Fine goes from $10K, to $100K
The issue goes back to 2011, when the Big River First Nations was given a warning about environmental violations at a gasoline station on the reserve.
The situation involved contraventions of the Storage Tank Systems for Petroleum Products and Allied Petroleum Products Regulations.
The gas bar near Debden in central Saskatchewan was revisited by inspectors in 2014 who found the situation was still not corrected and issued a compliance order.
In 2015 when the situation was not fully corrected, charges were laid.
The aboriginal band was charged as an “individual” owner of the gas bar and pleaded guilty in 2014.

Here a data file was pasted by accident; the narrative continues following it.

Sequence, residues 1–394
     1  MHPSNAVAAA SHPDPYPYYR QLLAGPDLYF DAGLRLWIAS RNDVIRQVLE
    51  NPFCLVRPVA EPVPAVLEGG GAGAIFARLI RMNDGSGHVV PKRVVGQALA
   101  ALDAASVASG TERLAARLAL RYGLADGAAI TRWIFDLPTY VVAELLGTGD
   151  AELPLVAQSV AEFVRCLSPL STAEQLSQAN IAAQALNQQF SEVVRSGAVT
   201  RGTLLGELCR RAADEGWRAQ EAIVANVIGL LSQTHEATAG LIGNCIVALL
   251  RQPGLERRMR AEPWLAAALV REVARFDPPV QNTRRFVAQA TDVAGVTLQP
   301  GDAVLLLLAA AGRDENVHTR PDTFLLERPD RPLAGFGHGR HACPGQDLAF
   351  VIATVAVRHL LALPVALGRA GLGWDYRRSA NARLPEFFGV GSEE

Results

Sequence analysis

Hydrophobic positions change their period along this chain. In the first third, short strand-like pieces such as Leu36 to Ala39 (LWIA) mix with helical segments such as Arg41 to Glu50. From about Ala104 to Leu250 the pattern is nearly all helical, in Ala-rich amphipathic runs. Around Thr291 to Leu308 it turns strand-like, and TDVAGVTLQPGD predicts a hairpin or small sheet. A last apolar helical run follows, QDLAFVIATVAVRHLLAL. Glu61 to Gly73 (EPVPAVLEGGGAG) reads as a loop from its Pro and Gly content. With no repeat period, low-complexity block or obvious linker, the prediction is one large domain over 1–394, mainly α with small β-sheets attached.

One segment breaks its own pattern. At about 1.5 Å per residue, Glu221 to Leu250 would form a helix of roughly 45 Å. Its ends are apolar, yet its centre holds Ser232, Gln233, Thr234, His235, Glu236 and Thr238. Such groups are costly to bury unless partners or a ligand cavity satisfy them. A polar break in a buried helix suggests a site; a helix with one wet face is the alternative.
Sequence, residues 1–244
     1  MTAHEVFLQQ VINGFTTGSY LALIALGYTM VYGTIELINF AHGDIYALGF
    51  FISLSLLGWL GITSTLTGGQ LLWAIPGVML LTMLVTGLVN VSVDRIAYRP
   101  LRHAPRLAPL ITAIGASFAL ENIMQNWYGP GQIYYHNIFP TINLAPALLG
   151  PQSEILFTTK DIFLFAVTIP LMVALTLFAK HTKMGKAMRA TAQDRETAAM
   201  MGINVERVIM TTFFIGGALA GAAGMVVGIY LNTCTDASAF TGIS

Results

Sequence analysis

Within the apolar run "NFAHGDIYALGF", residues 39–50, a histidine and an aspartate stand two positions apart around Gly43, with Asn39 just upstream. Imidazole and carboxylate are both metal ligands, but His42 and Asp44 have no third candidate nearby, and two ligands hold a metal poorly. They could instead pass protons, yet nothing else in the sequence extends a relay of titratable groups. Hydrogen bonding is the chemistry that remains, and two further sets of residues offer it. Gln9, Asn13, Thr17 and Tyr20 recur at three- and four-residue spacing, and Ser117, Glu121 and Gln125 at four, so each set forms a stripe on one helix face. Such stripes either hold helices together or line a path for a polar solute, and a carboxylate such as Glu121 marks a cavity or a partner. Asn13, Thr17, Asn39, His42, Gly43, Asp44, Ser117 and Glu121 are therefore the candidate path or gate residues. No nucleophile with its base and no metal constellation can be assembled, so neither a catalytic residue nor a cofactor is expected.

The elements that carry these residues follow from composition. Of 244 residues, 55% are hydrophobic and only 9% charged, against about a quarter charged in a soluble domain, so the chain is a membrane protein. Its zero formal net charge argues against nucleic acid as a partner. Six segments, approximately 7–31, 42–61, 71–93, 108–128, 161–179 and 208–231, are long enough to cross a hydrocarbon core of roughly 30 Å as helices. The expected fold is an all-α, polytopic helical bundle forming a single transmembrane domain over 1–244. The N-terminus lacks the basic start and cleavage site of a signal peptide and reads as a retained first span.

Under the Canadian Environmental Protection Act (CEPA) an “individual” can be fined from $5,000 to $300,000.
In 2017, The provincial judge ruled at the time that the minimum fine of $5,000 was too small given the infractions, but the maximum fine would impose undue hardship on the Big River First Nation, and instead imposed a fine of $10,000.
What’s in a word?- Thousands of dollars!
The Crown (government) appealed the sentence saying that the band was not a corporation operating the station, and should be charged as a “person”.
Under the Act an individual can be either fined or jailed, but a person can only be fined, and the minimum fine for a “person” is $100,000.
Although the exact understanding of either word is not clarified, the appeal judge ruled the original judge erred by accepting the understanding of individual and sided with the Crown’s use of “person” and so imposed the minimum fine in that case, $100,000.
There is no comment yet from the Big River Band Council on the decision.